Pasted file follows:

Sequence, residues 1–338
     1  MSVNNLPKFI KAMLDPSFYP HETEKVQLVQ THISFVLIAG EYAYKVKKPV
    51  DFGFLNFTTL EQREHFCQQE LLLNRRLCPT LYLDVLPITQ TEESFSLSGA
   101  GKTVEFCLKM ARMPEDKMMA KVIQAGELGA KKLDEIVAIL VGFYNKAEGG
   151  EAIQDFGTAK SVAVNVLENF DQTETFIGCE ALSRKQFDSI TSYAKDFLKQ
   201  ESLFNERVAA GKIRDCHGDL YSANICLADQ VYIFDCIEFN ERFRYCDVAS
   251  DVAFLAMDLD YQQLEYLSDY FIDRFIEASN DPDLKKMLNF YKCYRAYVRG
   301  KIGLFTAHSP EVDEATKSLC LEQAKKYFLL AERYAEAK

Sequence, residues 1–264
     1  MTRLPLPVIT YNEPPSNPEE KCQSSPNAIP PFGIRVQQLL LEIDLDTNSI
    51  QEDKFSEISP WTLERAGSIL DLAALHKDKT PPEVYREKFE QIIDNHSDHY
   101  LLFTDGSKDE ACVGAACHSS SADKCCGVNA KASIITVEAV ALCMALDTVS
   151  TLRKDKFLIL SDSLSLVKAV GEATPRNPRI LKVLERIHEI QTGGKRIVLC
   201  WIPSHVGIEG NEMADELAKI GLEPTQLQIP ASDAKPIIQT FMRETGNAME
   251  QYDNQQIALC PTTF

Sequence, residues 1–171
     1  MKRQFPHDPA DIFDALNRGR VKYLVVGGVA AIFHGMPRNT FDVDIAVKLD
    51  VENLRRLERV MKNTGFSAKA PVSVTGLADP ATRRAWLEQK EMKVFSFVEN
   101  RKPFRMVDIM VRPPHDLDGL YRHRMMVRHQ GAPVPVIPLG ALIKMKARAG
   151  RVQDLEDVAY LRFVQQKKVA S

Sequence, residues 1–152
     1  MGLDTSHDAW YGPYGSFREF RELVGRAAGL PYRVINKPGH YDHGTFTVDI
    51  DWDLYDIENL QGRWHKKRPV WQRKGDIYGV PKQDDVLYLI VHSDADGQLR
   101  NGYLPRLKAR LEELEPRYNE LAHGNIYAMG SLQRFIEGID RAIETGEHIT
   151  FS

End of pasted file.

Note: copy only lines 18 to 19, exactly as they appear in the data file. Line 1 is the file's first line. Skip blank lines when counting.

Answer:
    51  VENLRRLERV MKNTGFSAKA PVSVTGLADP ATRRAWLEQK EMKVFSFVEN
   101  RKPFRMVDIM VRPPHDLDGL YRHRMMVRHQ GAPVPVIPLG ALIKMKARAG